The National Debt is hanging over us like a grim shadow. From day to day, it doesn’t hurt us, but when this country can least afford more problems, that is exactly when this debt will bite us on the rump. All politicians know this to be true, but none of them want to be the one to tell their constituents that they can’t have what they want, AND that they have to give up something they already have in order to pay off the existing debt. The politicians are incentivised (based on the need to be re-elected) to continue as usual. Something will have to change for them to do the right thing, and the only way I see is to put someone in a position where they have nothing to gain from doing the wrong thing. None of us would run our personal finances this way, why should we allow our government to do it?

This hasn’t been a sexy post, but it’s an important one. If you feel slighted, send me your email address and I’ll see if I can find some porn to send you to make amends.

Jay

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Date:2004-01-20 21:10
Subject:The Constitution is not a toy…put that down!
Security:Public

I was going to post about something else tonight, but the President moved me. Sadly, I was moved in such a way as to once again speak out against the leadership of my country. Given my previous post, I feel inclined to first point out that I love my country deeply. I am not on one side of the aisle or another, but rather take each issue on it’s own merits. The balance of my beliefs on those issues is what decides my vote and I have cast that vote for Democrats, Republicans, and third parties alike. However I am deeply saddened by what my President said this evening, and once again I must say as much.

The Constitution must be held as a sacred document in our country. That doesn’t mean that it cannot be amended, but the spirit of it must remain alive. That spirit being the fundament of the nation which we all enjoy the benefits from. Freedom and the pursuit of happiness cannot be simply words we toss around in political debate, but must be felt near and dear to all of us, and must guide us in the decisions we make. Without these principles upon which we stand, we stand for nothing but a mockery of our own hollow words. It is for this reason that I find President Bush’s words this evening particularly offensive.

Tonight, President Bush gave support to the banning of homosexual unions. Further, he went as far as to say that he would support a Constitutional amendment declaring such unions to be illegal and unsupportable by ALL Americans. Let’s not lose sight of what that means. It means that, as a country, we must no longer support the rights of a portion of our population. By modifying our very Constitution, the document that says to the world “this is what we stand for”, we are saying that we want freedom for all, except for in this one case. Is this issue really the single freedom we want to exempt from our Constitution? Is the supposed harm caused by the union of two individuals of the same sex so destructive that we feel the need to insert the very first denial of rights in the very document that defines us? Think about this…what does the right to the “pursuit of happiness” mean to you? What does “freedom” mean to you?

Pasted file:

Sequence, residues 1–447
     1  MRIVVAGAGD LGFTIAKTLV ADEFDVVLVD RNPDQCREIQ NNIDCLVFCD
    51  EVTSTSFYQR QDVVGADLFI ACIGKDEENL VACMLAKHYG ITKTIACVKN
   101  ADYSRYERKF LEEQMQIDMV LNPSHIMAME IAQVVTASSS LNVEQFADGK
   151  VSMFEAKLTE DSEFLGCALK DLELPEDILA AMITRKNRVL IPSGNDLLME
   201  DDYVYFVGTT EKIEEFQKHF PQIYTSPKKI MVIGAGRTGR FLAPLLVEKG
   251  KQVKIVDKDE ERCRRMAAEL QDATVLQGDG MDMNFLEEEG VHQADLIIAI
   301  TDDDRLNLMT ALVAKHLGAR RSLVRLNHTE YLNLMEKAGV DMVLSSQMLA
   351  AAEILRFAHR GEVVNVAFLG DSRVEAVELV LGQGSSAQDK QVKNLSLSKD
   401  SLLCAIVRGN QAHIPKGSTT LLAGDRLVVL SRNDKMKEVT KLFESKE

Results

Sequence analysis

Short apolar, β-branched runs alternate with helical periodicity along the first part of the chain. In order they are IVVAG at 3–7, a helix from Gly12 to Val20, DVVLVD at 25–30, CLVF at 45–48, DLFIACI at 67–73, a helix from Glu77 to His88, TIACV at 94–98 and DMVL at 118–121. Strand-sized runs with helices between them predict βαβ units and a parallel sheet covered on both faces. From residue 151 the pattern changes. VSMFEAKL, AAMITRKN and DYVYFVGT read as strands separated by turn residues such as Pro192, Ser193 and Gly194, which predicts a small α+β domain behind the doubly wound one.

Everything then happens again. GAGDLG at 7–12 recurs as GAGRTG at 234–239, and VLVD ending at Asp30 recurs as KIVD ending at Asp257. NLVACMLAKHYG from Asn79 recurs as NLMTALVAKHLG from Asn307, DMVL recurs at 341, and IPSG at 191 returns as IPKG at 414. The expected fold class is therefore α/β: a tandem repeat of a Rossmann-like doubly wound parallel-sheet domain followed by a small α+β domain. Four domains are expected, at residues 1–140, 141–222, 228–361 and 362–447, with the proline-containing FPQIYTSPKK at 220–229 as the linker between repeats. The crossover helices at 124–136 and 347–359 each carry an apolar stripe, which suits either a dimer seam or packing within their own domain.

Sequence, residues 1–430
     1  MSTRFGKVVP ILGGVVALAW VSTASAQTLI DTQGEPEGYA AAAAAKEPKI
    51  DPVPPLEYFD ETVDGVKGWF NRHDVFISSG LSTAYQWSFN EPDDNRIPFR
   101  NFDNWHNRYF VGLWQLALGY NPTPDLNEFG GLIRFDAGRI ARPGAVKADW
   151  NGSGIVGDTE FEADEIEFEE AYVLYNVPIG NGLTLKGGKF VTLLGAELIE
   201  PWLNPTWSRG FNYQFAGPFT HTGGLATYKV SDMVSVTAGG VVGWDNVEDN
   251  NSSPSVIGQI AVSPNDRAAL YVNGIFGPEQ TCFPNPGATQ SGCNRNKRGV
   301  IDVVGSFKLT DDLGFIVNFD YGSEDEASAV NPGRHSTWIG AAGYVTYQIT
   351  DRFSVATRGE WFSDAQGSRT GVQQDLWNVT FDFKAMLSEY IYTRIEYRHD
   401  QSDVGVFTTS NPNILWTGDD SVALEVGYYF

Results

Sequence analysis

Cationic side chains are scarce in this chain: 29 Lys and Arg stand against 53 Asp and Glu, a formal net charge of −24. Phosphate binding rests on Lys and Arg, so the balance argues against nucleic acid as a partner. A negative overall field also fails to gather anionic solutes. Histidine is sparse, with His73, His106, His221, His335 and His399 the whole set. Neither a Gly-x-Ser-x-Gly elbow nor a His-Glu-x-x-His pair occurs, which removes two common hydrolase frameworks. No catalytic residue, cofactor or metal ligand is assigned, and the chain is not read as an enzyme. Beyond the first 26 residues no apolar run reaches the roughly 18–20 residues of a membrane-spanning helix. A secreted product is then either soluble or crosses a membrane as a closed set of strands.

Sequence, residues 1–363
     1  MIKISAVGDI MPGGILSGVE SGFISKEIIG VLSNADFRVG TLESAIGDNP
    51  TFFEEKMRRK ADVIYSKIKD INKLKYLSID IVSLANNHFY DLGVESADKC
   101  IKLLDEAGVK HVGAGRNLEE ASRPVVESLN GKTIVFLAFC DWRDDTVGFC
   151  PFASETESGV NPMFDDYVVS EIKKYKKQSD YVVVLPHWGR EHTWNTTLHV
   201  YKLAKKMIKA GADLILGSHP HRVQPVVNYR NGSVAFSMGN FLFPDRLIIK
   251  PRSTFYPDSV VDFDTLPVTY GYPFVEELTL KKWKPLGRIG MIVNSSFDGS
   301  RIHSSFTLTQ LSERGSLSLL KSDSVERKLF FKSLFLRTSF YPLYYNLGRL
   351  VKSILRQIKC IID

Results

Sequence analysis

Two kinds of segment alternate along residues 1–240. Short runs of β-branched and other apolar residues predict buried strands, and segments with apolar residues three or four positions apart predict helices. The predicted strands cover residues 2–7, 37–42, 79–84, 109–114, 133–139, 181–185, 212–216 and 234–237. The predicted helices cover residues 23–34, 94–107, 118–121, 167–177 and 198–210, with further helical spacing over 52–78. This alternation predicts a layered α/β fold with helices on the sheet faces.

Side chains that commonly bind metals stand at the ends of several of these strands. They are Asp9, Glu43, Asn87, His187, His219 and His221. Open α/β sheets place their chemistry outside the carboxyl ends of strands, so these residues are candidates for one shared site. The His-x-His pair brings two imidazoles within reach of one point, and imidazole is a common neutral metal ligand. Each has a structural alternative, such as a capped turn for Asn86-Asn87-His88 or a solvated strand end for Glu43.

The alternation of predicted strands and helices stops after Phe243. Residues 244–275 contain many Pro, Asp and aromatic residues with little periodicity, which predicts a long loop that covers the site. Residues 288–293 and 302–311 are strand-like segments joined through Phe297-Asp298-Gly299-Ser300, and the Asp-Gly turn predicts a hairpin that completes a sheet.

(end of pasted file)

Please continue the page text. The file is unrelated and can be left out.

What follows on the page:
Let’s drill into the specifics…

1) Religious or Civil? If marriage were simply a religious artifact, then I would say “leave it up to religions to decide if they find it to be acceptable.” But that isn’t all that marriage is in this country. Married people have the ability to pass their money and assets on to their spouse, without tax. Married people can visit each other in the hospital, cover each other with their medical benefits, and enjoy a variety of other CIVIL benefits. So what is the purpose of these CIVIL benefits? To promote family? To promote fairness? Well if this is the case, then why does this not apply equally to all unions? The simple reason is because these are civil benefits yes, but they are grounded in religious beliefs. Unless the United States established a religion while I wasn’t looking, I don’t see how this can be appropriate. Take away all of those civil benefits, you will get no argument for me. To the 50% of all married couples out there who are going to end up divorced, I hope for your sake that Bush doesn't read the part of the Bible that says getting divorced is not allowed under any circumstances...

2) Once you grant the Government the power to decide who can be married, beware of what may come. It is not unthinkable, had this precedent been set prior to the civil rights movement, that the government may have decided that inter-racial unions were also objectionable. It may decide that people who are not of similar age, ethnicity, citizenship, background, class-standing etc. are no longer worthy of union. I think many of you would object to these decisions, but either the Federal government can decide whom we marry, or they cannot.

3) I won’t argue the benefits of heterosexual marriage. I can see the value. However, drinking alcohol is not “beneficial” yet we as a country allow people to drink. We give them the freedom to exhibit certain behavior, even if it isn’t in their own best interest. We restrict these behaviors in some cases for the “greater good” as in the case of drug use. But are we really equating the damage that can be done by serious narcotics, to the “damage” caused by two people who (lets face it) aren’t going to marry members of the opposite sex anyway? Given that 50% of all heterosexual unions end in divorce, can we really keep a straight face when we say that this country cannot survive without preserving the “sanctity of marriage”? If you can find the way to abolish adultery, spousal abuse, neglect, alcoholism, and all of the other causes of marital failure to the Constitutional amendment then you will still not have the moral high ground, but you will at least be approaching even-handedness.